Atherosclerosis is a condition in which an artery wall thickens as a result of the accumulation of fatty materials such as cholesterol...

 and a resultant blood
Blood is a specialized bodily fluid in animals that delivers necessary substances such as nutrients and oxygen to the cells and transports metabolic waste products away from those same cells....

 clot forms on the large blood vessels, sticks to the vessel walls, and blocks the flow of blood
Blood is a specialized bodily fluid in animals that delivers necessary substances such as nutrients and oxygen to the cells and transports metabolic waste products away from those same cells....

. In microangiopathy, the walls of the smaller blood vessels become so thick and weak that they bleed, leak protein
Proteins are biochemical compounds consisting of one or more polypeptides typically folded into a globular or fibrous form, facilitating a biological function. A polypeptide is a single linear polymer chain of amino acids bonded together by peptide bonds between the carboxyl and amino groups of...

, and slow the flow of blood through the body. The decrease of blood flow through stenosis
A stenosis is an abnormal narrowing in a blood vessel or other tubular organ or structure.It is also sometimes called a stricture ....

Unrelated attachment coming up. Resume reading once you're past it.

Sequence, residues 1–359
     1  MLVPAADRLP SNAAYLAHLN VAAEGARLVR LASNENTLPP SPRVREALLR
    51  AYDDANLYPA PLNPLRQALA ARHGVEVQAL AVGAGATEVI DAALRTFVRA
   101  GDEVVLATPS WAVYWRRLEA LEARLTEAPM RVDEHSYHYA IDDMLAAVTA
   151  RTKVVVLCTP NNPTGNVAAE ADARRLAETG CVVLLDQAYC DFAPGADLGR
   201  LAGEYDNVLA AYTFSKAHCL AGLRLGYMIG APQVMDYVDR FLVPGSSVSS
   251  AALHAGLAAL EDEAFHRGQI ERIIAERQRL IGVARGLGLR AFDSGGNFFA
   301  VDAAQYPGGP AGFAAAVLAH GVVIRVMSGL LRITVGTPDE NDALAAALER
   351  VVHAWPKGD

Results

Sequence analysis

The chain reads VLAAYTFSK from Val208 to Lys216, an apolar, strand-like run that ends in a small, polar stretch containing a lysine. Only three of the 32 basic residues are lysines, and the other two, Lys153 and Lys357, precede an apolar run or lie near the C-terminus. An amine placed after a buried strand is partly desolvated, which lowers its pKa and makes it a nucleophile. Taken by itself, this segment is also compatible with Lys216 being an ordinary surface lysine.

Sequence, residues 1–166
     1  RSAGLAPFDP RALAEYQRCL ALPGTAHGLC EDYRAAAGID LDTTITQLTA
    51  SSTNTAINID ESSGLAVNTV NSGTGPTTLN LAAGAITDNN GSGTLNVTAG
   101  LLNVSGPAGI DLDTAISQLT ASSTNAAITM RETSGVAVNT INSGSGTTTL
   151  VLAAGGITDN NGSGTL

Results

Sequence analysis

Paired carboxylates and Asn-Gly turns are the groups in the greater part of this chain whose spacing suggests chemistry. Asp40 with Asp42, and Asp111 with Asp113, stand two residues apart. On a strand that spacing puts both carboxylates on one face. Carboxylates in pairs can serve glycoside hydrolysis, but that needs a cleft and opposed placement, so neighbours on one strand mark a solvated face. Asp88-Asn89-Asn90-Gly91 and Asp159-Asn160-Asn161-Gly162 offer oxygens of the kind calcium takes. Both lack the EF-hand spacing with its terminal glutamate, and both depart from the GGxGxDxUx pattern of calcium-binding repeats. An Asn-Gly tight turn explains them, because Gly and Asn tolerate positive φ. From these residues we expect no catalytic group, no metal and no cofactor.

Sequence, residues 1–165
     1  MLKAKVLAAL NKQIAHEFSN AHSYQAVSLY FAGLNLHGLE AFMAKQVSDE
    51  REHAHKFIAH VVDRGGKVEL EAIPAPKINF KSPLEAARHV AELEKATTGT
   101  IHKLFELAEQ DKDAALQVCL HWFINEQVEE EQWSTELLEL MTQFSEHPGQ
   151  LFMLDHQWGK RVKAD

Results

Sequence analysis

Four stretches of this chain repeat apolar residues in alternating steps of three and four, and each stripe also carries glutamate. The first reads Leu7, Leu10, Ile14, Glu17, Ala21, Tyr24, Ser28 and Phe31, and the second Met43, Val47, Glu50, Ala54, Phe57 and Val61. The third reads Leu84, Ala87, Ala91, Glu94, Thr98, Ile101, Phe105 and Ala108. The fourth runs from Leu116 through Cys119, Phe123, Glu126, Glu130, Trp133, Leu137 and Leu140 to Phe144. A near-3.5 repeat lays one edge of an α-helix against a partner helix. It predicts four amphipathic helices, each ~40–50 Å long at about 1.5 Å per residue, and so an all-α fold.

or clot formation impairs the flow of oxygen
Oxygen is the element with atomic number 8 and represented by the symbol O. Its name derives from the Greek roots ὀξύς and -γενής , because at the time of naming, it was mistakenly thought that all acids required oxygen in their composition...

 to cell
Cell (biology)
The cell is the basic structural and functional unit of all known living organisms. It is the smallest unit of life that is classified as a living thing, and is often called the building block of life. The Alberts text discusses how the "cellular building blocks" move to shape developing embryos....

s and biological tissue
Biological tissue
Tissue is a cellular organizational level intermediate between cells and a complete organism. A tissue is an ensemble of cells, not necessarily identical, but from the same origin, that together carry out a specific function. These are called tissues because of their identical functioning...